Loyalty is a noun that expresses a strong feeling of support or allegiance. This is most admirably demonstrated by sports’ fans who remain devoted and faithful supporters of underachieving teams. Philosophers argue that this is nonsense and that only another human being can be the object of one’s loyalties. According to Woodrow Wilson (28th US President), “Loyalty means nothing unless it has, at its heart, the absolute principle of self-sacrifice.” Wilson was surely referencing loyalty to one’s country.
In modern parlance, loyalty has a looser meaning and tends to get used in a variety of settings to describe the absolute sincerity of commitment. It’s the lack of sincerity that distinguishes laissez-faire loyalty from the real deal. This translates beautifully into the notion of loyalty in customer services – both the passive loyalty of consumers to providers; and the apparent loyalty of providers to customers.
It is often the case that consumers remain loyal out of ignorance or lethargy or both. But, on almost every occasion, providers remain loyal for only as long as it suits them. Such disrespect belies the true concept of customer loyalty. Active consumers will choose to remain loyal provided they are constantly reassured that they are special. The appalling practice (particularly in financial services) of rewarding new customers at the expense of existing customers ensures that active consumers demonstrate no loyalty. Bewildered providers, not spotting their fundamental mistake, then fall over themselves offering ever-better packages to attract them back. Existing customers rightly feel aggrieved and leave in droves.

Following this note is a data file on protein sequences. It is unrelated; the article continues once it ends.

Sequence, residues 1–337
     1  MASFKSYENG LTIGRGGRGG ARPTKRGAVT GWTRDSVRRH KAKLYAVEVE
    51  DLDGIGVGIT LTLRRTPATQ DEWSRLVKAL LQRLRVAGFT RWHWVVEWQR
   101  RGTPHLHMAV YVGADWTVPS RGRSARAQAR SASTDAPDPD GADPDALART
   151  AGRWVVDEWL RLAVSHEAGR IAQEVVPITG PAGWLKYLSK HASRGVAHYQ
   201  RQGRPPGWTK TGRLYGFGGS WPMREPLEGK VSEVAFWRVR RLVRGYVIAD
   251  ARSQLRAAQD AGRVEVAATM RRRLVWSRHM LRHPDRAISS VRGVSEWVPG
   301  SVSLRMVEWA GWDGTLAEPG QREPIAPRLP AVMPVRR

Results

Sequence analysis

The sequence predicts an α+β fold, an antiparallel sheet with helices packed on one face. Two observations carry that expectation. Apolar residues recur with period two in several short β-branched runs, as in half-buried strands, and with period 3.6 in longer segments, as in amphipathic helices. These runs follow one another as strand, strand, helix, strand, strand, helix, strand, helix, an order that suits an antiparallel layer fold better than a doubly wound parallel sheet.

The essence of marketing tells us that the customer is always right and should be indulged. However, it’s accepted that there are practical difficulties in applying this discipline in every instance; some consumers are egregious while others nit-pick needlessly. However, it is well established that a satisfied customer is a very, very powerful ally. Many providers appear to ignore this truism wilfully.
The different approaches adopted by providers can be summarised in two parts – those out for short-term gain and those who plan to be around for a long time. On the face of it, banks should fall into the latter camp. A student opening a current account at age 20 should be a customer for life! This may have been the case in the past but the modern 20-year old is very unlikely to adopt this approach. The enlightened way is to conduct all “banking” activity by mobile device – switching effortlessly between providers to secure the cheapest and most effective options.
It is possible, therefore, that the concept of loyalty may well be dead in the water. MMPI does not agree! Loyalty is a mutual feeling that cannot be anticipated or demanded. It is as nebulous as trust and confidence. When it is present it is easily identifiable. When it is not it is indefatigably elusive. MMPI never mentions the “L” word in any customer conversations; yet time after time we are reminded that other providers show no loyalty. Self-inflicted pain is MMPI’s gain!